Applications, platforms and infrastructure on one hand and where/how they are delivered on the other
There’s a major problem with the term cloud. As well as being at the “Peak of Inflated Expectations” in Gartner’s Hype Cycle for Emerging Technologies 2010, *Forrester claims “Cloud washing causes customers to tune out. If vendors re-label everything as a cloud service, the term cloud computing ceases to mean anything.” So it’s hardly surprising that a 2010 Computing survey of more than 200 senior IT strategists in large organisations found that 37% did not correctly understand the term. And how many more were too scared to admit that they didn’t know?
A major part of the confusion comes from the fact that “the cloud” is not actually a single thing, but a wide ranging technology and business trend, that will (and does) change how we look at things: how our organisations manage, pay for, design, operate, control and secure their IT. Just as the dominant technology moved from mainframe to client server, we’ll see cloud computing becoming the dominant enterprise technology in the years to come.
To we need to get a definition or framework we can agree on. *Forrester’s definition is
“A standardised IT capability (services, software, or infrastructure) delivered via internet technologies in a pay-per-use, self-service way”
But there is a need to go further so we can start to get clear exactly what we mean when we talk about the different areas of “cloud”. To do this we need to look at applications, platforms and infrastructure on one hand and where/how they are delivered on the other.
Let’s start with the situation where the service is delivered by a third party and shared by many others, the so called “Public Cloud”. We have some advantages to help us understand here, because some of the terminology and players are already well known and well established.
Software as a service – aimed primarily at end users. The whole IT stack is owned, managed and developed by the service provider, giving customers the ability to consume and configure the application. Examples include: Salesforce.com, Google Apps and Microsoft BPOS.
Platform as a service – aimed at a more technical audience and allows developers to write and configure application code without having to manage the environment on which the code needs to run. The force.com platform is a great example of this service as is Google App engine.
Infrastructure as a service – aimed at developers and ISVs to enable them to rent flexible computing resources without having to buy or physically deploy the equipment. Examples include: Amazon’s EC2, cloud.com and Microsoft Azure.
The business model here is subtle: you outsource the running of your apps, platform or infrastructure to a third party much like a hosting model today, but you pay for the service delivered not the equipment or licences required to deliver it. The third party has a close relationship with its customers so it is able to offer greater customisation and configure its service offerings for its clients than a public cloud provider would, but is unlikely to totally bespoke as this eliminates the economy of scale in their business models.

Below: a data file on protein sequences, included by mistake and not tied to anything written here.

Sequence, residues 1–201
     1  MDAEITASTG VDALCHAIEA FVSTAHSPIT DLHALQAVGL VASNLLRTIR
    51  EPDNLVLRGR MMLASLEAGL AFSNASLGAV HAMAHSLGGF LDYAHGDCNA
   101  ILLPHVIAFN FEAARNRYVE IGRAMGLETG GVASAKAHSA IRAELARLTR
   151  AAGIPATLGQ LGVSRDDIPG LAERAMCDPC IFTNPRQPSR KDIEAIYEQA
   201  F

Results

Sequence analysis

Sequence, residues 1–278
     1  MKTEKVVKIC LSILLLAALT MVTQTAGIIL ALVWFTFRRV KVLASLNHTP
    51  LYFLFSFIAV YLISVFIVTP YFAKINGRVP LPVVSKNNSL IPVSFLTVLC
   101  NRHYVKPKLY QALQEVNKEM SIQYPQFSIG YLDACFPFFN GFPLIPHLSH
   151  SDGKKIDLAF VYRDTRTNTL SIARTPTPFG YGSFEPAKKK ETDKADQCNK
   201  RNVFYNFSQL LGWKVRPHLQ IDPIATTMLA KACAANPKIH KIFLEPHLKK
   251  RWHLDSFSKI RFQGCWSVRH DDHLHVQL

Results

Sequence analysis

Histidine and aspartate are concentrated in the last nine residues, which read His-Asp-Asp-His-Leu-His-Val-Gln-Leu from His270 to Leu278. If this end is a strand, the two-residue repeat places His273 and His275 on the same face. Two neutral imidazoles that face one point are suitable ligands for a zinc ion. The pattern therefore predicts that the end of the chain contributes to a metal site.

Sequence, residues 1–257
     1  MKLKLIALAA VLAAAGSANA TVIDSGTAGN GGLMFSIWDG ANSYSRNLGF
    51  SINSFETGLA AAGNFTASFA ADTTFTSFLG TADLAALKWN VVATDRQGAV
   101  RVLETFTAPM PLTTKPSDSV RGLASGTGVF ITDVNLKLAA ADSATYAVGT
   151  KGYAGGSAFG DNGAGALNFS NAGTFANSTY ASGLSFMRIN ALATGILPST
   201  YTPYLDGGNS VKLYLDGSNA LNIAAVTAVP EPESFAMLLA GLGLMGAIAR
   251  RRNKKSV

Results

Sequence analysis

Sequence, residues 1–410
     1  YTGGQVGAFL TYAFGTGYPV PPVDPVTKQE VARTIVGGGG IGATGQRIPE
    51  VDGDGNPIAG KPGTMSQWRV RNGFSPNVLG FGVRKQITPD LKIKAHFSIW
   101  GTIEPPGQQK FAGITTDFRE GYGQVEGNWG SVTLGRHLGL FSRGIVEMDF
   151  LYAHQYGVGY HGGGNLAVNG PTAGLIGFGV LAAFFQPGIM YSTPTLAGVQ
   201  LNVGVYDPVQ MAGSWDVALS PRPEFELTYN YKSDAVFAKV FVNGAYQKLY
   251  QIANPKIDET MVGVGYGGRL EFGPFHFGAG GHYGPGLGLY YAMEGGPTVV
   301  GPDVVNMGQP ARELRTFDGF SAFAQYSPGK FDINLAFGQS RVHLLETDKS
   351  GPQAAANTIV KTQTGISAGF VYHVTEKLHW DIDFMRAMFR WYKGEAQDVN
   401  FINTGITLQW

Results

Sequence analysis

Again this is also a subtle business model, leading to potential confusion particularly if the infrastructure is owned and managed by an individual company and hosted in their own environment - so how can it be called “cloud” at all? The key aspect of this model is the relationship between IT and the rest of the business in that it provides *“A standardised IT capability (services, software, or infrastructure) delivered via internet technologies in a pay-per-use, self-service way” to its internal customers. The governance model can change radically when individual departments are being charged ongoing Opex for the use of IT services. Customers’ expectations rise, compromises acceptable before are now likely to be re-examined. The IT department need to find processes and tools to manage and provision against demand, and have the ability to meter and bill.
So whilst this all sounds good in theory and like all models it looks nice, there’s then the reality. The reality of where we are now, the reality of the headaches this type of change can cause, the reality of the increased complexity of managing inside and outside my firewall and the reality of the skills my team has now versus the ones they need.
Given that and more, it’s tempting to put the subject of cloud close to the top of the list of ‘worries’. In Gartner’s Ranking of Technologies CIOs selected as their Top Priorities for 2010, “cloud” came in second place to virtualisation.
“We believe the time is now right for our customers to put “cloud” firmly on their planning agenda,” says Simon Rixon, Portfolio Director, BT Engage IT, “and produce their own strategy and roadmap for the right adoption cycle for their business. As the technology matures, the gap between business expectations and IT’s ability to meet those expectations increases, and careful adoption of some aspects of “cloud” may well bring greater strategic advantage, differentiation and innovation to the business.”
“Whether the roadmap says ‘do nothing for the next two years’ or ‘move to the “cloud” as soon as you can’, it’s important to make a positive decision as we head into 2011 so your business knows where it stands in the sea of cloud confusion, it has a position, and an answer when the CEO throws the next “cloud” article on your desk and says ‘are we doing that?’.”
“We’re helping a number of clients through this process right now, and some of the answers are not as obvious as you might think. Targeted investments and thinking around renewal or upgrade cycles can give you experience and learning beyond anything written down.”
So the next logical question is ‘
where do I start?’